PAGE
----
Brown:  Who influenced your career choice? How old were you when you decided on your career path?  

Hanshaw:  A major influence on my career choice began by watching an older cousin perform experiments with a chemistry set my uncle gave him for Christmas.  After he graduated two years later from a school in the Mississippi Delta, he gave what was left of the chemicals to me and the booklet of instructions for how to perform experiments safely.  I was also greatly influenced by sci-fi flicks seen on Channel 6 WDSU out of New Orleans as well as all the 50’s and 60’s Frankenstein, werewolf, monster insects, and invaders from outer space movies I could watch.  I read some comic book characters (Superman and Batman), but soon shows like the Twilight Zone, the Green Door, and Inner Sanctum, and later, the Outer Limits, captured my full attention. Star Trek came later, but chemistry majors at Tougaloo did not have time to watch TV.  Still, nothing was out of bounds; especially the possibility of life beyond earth. Chemistry, physics, biology, and math were parts of the subject matter in all these shows (as well as my curriculum) and I, subsequently, considered old truths to be prime targets for further investigation.  Between the 7th grade (about age 13), when I was asked to go from class to class by my homeroom teacher to explain what was happening on TV at Cape Canaveral, Florida (Alan Shepard’s historic suborbital flight), and my freshman year at Tougaloo (age 18), when few of my friends in the sciences believed in the possibility of extra-solar life, my career path was set.  I felt I could use the sciences and mathematics to do anything I wanted because all these subjects shared relationships with each other. I settled on chemistry (over biology) because chemistry kept me closer to both mathematics and physics.

Brown:  Tell us how/when your Ole Miss “story” began?  Talk about the interview (who you met with, your impressions of campus, etc).  

Hanshaw:  My Ole Miss “story” began when I was recruited to Ole Miss by Dr. Lucius Williams, Dean James Payne, and Vice-Chancellor H. Ray Hoops. Each of these individuals felt that I offered teaching and research skills that would contribute to making the School of Education and the University of Mississippi a better experience for students and, in return, give me an opportunity to more fully develop my teaching, research, and service abilities. I met and worked with faculty and administrators who convinced me through their support that Ole Miss was a place where I could be successful and help the University reach its goals at the same time.  Both of us benefitted. I talked about courses I taught at Alcorn State and Jackson State, research experiences at two national laboratories, and certain (allowed) aspects of my employment as a radiochemist at Grand Gulf Nuclear in Port Gibson, Mississippi. I also discussed my role as a Danforth Foundation Fellow and Faculty Representative. In the latter role, I worked with the Graduate School Dean, Academic Dean, and top administrators to enact mandatory procedures that department chairs had to follow regarding promotion dossiers of Alcorn State faculty members. Overall, I believe faculty attending my presentation learned a lot about why I would be a worthy addition to the faculty at Ole Miss and in the School of Education.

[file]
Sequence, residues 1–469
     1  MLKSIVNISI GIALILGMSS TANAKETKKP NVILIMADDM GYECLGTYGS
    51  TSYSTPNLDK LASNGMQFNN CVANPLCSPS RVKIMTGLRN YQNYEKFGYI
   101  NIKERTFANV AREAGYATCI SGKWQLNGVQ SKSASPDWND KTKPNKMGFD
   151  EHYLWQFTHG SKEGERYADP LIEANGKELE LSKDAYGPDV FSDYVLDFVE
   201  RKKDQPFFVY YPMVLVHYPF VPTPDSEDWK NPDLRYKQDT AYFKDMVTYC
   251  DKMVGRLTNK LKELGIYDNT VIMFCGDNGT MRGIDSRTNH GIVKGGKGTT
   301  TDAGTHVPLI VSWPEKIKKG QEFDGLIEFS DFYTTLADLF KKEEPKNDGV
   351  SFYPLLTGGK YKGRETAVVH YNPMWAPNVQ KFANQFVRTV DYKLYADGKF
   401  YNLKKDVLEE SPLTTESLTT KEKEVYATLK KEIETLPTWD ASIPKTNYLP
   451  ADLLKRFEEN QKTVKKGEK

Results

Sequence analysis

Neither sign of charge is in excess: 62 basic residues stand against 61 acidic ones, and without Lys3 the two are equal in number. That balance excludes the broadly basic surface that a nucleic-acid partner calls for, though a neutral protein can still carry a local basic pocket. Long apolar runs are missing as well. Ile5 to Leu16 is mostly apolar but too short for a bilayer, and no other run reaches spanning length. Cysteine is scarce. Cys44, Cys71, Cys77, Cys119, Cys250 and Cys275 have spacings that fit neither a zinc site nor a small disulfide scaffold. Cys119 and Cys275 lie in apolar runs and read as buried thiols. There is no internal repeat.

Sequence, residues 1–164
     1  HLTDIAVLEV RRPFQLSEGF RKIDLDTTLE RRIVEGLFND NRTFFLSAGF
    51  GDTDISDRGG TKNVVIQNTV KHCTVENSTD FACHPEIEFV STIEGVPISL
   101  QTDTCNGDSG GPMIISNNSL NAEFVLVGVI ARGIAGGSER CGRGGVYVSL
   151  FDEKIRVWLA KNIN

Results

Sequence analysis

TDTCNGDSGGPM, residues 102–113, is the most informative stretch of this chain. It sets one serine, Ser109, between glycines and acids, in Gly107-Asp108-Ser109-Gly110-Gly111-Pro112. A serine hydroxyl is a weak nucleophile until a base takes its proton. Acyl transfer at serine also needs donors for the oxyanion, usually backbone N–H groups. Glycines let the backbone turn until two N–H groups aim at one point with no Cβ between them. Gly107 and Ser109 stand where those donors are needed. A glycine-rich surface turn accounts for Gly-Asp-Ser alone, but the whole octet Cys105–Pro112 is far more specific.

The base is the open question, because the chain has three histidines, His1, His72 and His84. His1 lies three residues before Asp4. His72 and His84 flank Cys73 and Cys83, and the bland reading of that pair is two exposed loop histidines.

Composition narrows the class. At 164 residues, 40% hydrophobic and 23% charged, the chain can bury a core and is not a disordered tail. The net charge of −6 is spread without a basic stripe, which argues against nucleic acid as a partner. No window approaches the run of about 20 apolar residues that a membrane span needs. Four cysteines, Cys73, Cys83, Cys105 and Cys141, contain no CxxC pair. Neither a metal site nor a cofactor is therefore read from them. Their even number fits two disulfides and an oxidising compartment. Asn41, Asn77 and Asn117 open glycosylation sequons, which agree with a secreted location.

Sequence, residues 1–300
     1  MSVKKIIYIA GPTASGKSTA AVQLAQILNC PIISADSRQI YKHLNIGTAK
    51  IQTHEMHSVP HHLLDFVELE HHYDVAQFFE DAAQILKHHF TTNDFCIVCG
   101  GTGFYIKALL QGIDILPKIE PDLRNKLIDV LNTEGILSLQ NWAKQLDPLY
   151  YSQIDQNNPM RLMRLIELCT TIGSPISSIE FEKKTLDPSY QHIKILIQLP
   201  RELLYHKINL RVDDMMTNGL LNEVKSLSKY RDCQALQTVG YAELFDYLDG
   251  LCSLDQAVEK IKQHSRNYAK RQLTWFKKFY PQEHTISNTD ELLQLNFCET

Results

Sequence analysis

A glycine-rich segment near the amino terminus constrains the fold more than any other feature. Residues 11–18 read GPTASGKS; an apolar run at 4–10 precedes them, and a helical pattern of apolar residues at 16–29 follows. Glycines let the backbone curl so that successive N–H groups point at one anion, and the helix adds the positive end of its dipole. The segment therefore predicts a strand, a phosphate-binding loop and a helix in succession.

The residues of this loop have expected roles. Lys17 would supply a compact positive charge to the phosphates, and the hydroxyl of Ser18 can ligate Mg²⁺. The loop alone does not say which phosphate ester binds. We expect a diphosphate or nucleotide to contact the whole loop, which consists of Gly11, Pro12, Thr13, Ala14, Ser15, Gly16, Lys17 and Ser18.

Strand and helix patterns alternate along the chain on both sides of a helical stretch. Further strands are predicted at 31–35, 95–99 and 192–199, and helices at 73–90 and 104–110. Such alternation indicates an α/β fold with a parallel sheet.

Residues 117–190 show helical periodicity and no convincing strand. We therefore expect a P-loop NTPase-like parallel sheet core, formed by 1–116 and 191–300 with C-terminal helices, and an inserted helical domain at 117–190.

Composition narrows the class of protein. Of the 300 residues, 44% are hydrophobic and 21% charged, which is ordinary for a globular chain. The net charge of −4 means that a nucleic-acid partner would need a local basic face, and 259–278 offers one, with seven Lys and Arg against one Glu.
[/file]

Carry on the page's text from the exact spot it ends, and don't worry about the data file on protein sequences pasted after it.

Brown:  Who hired you?  How long did you work at Ole Miss? 

Hanshaw:  Drs. James Payne, Carolyn Leggett (and later, Peggy Emerson), and Lucius Williams paved the way for me.  Dr. Michael Dingerson, then Dean of the Graduate School, enabled my involvement in the Mississippi Alliance for Minority Participation (MAMP) program as a member of the Ole Miss team that led to the grant’s success.  Later, I was named the Site Coordinator for the MAMP program at Ole Miss. I recruited the first 29 minority students into MAMP. The majority of these students later enrolled at Ole Miss and majored in the sciences and science education. It was the beginning of my 25-year career at the University of Mississippi. 

Brown:  What did you know about Ole Miss before you accepted a position here? 

Hanshaw:  The history of the University of Mississippi is tied to this state and nation. Times and people change for the better and grow and so did Ole Miss. I knew the history of this state (I took Mississippi history in high school), watched the news, and read newspapers. I knew the context of my decision to bring my family to Ole Miss.  As a professional educator, I have never wilted in the face of a challenge and so I accepted the opportunity to come to Ole Miss. I took advantage of offers that also benefitted my spouse. I can say without reservations that all parties involved got what was expected and more.

Brown:  Describe your most memorable days at work.